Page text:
Peregrine’s Plate

2016, Ross Matteson

Photography credits:  Ross Matteson

Peregrine’s Plate is a life-sized, black marble carving exploding with the motion of 4 ring-necked ducks panicking in response to a natural predator.  In my mind, the unseen predator is a peregrine falcon since, as a falconer, I use peregrines to hunt ducks.  I am very familiar with a duck’s behavior while swimming at that very moment when a hunting falcon flies over them and they are making their choices between flying or diving to escape. I was confident that during my sculpting process I would be able to discern, from both a behavioral and emotional basis, when the feeling expressed by the piece was just right. The hunting falcon narrative, along with other design parameters, like size and weight, were all part of the site-specific nature of the commission. This collector owns a beautiful private hunting plantation that is frequented by wintering ring-necked ducks.

One of the ducks in Peregrine’s Plate is depicted taking flight. His wings are on the upstroke. In all of the commotion, his mate is knocked slightly back and to the side. The third duck is tails-up while in the process of diving into the water and the fourth, is only suggested by ripples remaining on the water after diving. These birds, along with all of the disturbed watery reflections and broken vegetation, gave me plenty of shapes, textures and ideas to compose the story and visual interest.

Polished Belgian black marble is magical.  It has innate classic beauty. It has been appreciated for centuries but it is also a very brittle, and now rare material. I needed a dense and reliable block of marble, cut to my exact specifications, before committing to such a high value project. For starters, I just needed to find out if the material that I needed, even existed!

Since my proposal was contingent upon finding such a special piece of marble, I needed a stone broker with a very high level of expertise and integrity.  Eventually, I found ABC Worldwide Stone in Brooklyn, NY.  Their people were professional and assured me that they had a direct connection to the marble quarry in Belgium.  We took the next step.

ABC contacted their European partners who started looking for the right piece at the quarry.  Eventually they selected a monstrous block, and shipped it to a stone yard in Portugal.  Focusing on the area of least cracks and highest density, the “heart” of this mountainous slab of rock was identified and then extracted by their experts for my sculpture.  After that, using a 3-dimensional DXF file that my friend Phil Peterson helped me to create for the stone yard’s machinery, this dense cube of stone was refined into a 1,200-pound cylindrical form and then, finally, was shipped to the United States.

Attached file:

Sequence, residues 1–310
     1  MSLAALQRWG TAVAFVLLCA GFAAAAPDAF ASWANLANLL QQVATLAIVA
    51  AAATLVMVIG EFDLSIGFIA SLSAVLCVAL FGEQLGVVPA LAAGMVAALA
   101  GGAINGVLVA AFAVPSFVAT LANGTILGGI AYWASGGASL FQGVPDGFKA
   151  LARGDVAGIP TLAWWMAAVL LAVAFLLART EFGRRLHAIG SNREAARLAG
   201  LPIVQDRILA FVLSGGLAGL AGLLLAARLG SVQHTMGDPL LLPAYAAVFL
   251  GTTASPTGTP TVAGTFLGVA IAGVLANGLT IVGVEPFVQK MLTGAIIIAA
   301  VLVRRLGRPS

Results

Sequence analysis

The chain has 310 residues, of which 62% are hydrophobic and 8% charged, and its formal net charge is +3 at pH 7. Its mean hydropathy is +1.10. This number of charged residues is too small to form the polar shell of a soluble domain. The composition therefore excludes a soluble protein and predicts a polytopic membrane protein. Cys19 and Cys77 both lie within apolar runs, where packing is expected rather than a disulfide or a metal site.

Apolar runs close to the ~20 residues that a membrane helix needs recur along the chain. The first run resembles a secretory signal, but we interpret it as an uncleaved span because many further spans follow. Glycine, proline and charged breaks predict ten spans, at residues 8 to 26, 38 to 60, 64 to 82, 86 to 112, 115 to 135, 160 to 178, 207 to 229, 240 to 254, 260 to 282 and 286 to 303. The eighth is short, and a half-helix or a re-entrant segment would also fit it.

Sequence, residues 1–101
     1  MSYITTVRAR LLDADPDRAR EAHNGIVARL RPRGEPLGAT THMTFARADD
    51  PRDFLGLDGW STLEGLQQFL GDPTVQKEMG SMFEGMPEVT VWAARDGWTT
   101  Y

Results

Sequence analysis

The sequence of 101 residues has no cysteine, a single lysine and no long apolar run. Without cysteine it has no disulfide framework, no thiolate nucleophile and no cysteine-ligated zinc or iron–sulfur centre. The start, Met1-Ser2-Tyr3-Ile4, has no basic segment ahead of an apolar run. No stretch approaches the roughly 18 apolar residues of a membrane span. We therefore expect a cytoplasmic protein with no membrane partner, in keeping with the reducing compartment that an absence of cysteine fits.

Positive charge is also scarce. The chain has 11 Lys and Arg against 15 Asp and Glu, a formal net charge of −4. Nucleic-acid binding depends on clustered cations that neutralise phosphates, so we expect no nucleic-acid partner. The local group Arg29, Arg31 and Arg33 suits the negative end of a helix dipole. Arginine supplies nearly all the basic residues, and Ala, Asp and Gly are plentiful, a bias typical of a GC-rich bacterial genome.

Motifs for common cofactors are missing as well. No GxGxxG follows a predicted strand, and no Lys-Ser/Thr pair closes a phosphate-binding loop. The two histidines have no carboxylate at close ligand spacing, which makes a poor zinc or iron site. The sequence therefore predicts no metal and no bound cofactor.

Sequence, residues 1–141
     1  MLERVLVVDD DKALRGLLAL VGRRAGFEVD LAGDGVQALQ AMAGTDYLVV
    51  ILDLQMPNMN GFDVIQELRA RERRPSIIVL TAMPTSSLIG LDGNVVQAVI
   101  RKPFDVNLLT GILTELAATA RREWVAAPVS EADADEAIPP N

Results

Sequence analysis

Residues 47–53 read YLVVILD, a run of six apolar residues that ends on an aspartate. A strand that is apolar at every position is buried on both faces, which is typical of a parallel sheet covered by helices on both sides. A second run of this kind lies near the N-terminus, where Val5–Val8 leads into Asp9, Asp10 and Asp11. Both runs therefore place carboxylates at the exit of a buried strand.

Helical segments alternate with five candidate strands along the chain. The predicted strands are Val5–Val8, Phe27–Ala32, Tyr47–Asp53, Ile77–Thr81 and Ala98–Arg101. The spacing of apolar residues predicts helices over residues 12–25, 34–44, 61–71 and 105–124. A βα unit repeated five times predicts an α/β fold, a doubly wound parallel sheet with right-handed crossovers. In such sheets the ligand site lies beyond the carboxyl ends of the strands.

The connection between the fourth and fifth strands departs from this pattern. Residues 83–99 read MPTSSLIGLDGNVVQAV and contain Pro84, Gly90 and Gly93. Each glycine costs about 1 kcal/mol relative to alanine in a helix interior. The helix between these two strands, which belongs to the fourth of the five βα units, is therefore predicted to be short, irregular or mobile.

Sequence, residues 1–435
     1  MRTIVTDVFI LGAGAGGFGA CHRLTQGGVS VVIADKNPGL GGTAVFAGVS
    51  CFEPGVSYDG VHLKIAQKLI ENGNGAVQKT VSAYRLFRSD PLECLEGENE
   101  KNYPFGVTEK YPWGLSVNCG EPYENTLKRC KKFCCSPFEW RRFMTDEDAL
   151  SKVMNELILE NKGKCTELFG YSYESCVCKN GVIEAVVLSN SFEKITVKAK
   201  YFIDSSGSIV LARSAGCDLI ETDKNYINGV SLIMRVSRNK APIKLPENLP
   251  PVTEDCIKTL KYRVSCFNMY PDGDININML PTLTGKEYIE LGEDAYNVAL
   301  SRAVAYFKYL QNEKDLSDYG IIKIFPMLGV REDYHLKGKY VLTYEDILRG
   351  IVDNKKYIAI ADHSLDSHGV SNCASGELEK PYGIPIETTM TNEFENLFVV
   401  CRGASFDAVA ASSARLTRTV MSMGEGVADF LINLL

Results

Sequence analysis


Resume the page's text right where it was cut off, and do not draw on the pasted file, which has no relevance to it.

Once it arrived, I commenced carving the 36-inch diameter 14-inch high cylinder of stone into Peregrine’s Plate, while referencing off of an already completed life-sized model in wax.  I used photo reference, mounted specimens, personal field observations and other very specialized expertise and tools in the process.

The contrasting texture (and lighter color) of corn against the more polished, reflective and visually “moving” water, lyrically helped paint a story of evasive duck activity.  The ducks, as focal points, had the highest polish, which made them darker elements in the composition.  I made the floating, flying and diving ducks on the surface of the circle of water.  The surface of the water itself, because of the cantilevered  “plate” shaped support form, also appears to be “floating” several inches above the table or pedestal where the finished 400 pound sculpture is placed.   Floating ducks on floating water.

A on-going challenge for me is in bringing an inanimate and stationary block of stone to life — visually suggesting and animating, in this example, the ring-necked duck’s explosive response to the falcon.

To be successful in carving all the delicate forms without breaking them, my tools and craftsmanship needed to be faultless.  I purchased new tools to reduce unnecessary vibrations and stayed focused, despite the whirlwind of my interdisciplinary life.  Marble is unforgiving.  I could only afford to carve this very expensive stone while completely undistracted.  The idea of an open winged bird made out of this particular material was extremely adventurous, but the reward was very satisfying once it was completed.  The quality of the marble became apparent when I tapped on this finished bird’s wings and they rang like bells!

The process of making this sculpture, and remarkable support team that helped, is well documented in the “Peregrine’s Plate – Illustrated Story and Process” section of the web site.